It Stops Now: Justice Has Finally Been Served to Larry Nassar’s Victims

Justice was finally served this morning when the week-long trial of Larry Nassar, a now-disgraced USA Gymnastics doctor accused of sexual assault and abuse by over 160 girls and women, came to a close with a hefty sentence. Judge Rosemarie Aquilina of the 30th Circuit court for Ingham County sentenced Nassar to up to 175 years in prison, telling the self-admitted sexual predator she had “just signed [his] death warrant.”

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Over the past week, Aquilina made time for Nassar’s victims to individually come forward and testify if they chose to. Ultimately, over 160 victim impact statements were read in the court, with 156 read by victims themselves. Many of them described the enduring trauma of his abuse, as well as the degree to which they suffered in silence as he successfully convinced parents and other authority figures that they were lying and exaggerating. A recurring theme of the testimonies was the depiction of Nassar manipulating and exploiting his young victims—taking advantage of not only his access to them but also their trust in him.

Nassar’s abusive behavior dates back to at least 1992. One of his victims was six. Another took her life. In an impassioned speech, Aquilina told the young women who had come forward—ranging from Olympic medalists who had suffered through years of his abuse to dozens of young women whose careers had effectively been ended by it—that they were “no longer victims, but survivors.”

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“You took advantage of our passions and our dreams,” six-time Olympic medalist Aly Raisman said in court Friday. “I am here to face you, Larry, so you can see I have regained my strength. That I am no longer a victim, I am a survivor. I am no longer that little girl you met in Australia, where you first began grooming and manipulating.”

Raisman, whose fellow teammates Gabby Douglas and Simone Biles have also accused Nassar, then gave a nod to the changing tide around sexual assault and abuse of power. “This group of women you heartlessly abused over a long period of time are now a force,” she said, “and you are nothing. The tables have turned. And now Larry, it is your turn to listen to me.”

Kyle Stephens, the first survivor to testify, had originally requested to remain anonymous. Instead, she projected two images of her as a child on a screen while she addressed Nassar, who had abused her beginning when she was in kindergarten, in court. “Little girls don’t stay little forever,” she told him. “They grow into strong women that return to destroy your world.”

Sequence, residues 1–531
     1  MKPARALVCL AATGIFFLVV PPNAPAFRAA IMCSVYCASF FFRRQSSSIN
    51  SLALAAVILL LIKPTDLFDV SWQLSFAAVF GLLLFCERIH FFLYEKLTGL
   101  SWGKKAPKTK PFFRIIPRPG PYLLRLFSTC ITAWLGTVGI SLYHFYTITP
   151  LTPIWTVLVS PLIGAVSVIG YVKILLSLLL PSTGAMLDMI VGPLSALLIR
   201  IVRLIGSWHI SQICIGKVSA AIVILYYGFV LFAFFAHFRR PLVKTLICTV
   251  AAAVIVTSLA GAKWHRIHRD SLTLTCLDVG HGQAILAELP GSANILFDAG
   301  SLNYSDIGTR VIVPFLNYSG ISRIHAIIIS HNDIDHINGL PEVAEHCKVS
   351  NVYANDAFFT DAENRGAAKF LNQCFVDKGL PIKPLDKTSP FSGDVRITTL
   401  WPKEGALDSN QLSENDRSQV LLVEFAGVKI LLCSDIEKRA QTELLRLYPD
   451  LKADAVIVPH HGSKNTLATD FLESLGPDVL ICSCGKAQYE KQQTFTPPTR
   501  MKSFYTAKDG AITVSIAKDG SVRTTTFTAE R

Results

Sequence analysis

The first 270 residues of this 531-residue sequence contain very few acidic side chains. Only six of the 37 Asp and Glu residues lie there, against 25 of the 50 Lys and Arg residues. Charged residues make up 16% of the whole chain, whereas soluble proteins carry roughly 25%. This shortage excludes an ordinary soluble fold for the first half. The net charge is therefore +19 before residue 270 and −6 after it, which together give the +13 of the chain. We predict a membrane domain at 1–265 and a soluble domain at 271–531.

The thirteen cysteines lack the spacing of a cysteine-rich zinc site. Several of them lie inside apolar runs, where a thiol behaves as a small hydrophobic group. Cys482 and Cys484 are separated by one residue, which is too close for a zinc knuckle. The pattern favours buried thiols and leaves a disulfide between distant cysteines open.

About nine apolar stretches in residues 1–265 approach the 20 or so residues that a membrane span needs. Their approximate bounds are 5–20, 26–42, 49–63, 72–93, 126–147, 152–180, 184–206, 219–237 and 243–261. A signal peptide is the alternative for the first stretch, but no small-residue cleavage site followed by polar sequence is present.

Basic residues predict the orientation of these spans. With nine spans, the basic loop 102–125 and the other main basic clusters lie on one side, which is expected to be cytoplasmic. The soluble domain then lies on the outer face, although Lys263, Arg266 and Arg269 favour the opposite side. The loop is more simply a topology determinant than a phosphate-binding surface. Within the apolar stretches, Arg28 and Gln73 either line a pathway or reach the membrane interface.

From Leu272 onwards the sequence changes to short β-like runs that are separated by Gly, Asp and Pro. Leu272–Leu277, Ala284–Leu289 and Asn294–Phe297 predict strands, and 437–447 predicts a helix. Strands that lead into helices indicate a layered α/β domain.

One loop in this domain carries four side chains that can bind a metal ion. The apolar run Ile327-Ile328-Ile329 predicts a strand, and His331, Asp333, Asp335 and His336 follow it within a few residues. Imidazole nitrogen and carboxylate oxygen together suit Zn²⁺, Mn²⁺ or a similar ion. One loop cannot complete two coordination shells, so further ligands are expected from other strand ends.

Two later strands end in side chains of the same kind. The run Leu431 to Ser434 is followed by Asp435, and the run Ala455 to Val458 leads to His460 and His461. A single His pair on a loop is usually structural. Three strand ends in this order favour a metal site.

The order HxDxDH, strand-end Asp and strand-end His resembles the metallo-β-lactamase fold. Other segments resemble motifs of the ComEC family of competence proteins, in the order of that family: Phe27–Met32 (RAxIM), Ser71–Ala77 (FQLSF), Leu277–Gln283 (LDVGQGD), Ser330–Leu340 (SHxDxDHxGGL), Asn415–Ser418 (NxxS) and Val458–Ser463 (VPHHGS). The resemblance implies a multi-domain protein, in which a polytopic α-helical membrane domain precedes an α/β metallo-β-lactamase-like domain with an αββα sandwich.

After testimonies concluded, Aquilina read a letter Nassar had submitted to the court in which he dismissed the claims against him, blamed the victims and declared that being forced to listen to their stories was tantamount to “mental cruelty.” Aquilina then immediately tossed the letter aside—a symbolic dismissal of the voices of sexual abusers and those who defend them.

Nassar, 54, pled guilty to 10 counts of first-degree criminal sexual conduct with minors. In another federal case decided last year, he was sentenced to 60 years in prison on charges related to child pornography. In many ways, it appears justice has, at long last, been served: Nassar will inevitably die in prison, and his victims have finally been heard and believed. But the story of how an Olympic doctor was able to abuse and traumatize nearly 200 girls and women for over two decades is not yet over. It can’t be.

On Friday, Raisman called on Aquilina to “stress the need to investigate how this happened so that we can hold accountable those who empowered and enabled Larry Nassar.” Despite complaints from numerous young women about his behavior over the years, Nassar was never held accountable—and the teen athletes he was supposed to be caring for were never provided with the resources or accommodations they needed. Not only Nassar, but also all of the individuals and institutions who looked away for decades, must be held accountable for the trauma of dozens upon dozens of young women. As the #MeToo moment continues to build, the Nassar case speaks to the notion that only cultural change can bring about true justice for survivors, even if and when perpetrators are held accountable.

“One in 10 children will be sexually abused by their 18th birthday,” Aquilina said in her sentencing speech. “One in seven girls, one in 25 boys by their 18th birthday. That means that in the United States… 400,000 babies born in the U.S. will become victims of child sexual abuse.”

She ended her speech with a triumphant declaration: “It stops now.”


Kylie Cheung writes about reproductive and survivor justice, and is the author of Survivor Injustice: State-Sanctioned Abuse, Domestic Violence, and the Fight for Bodily Autonomy, available Aug. 15.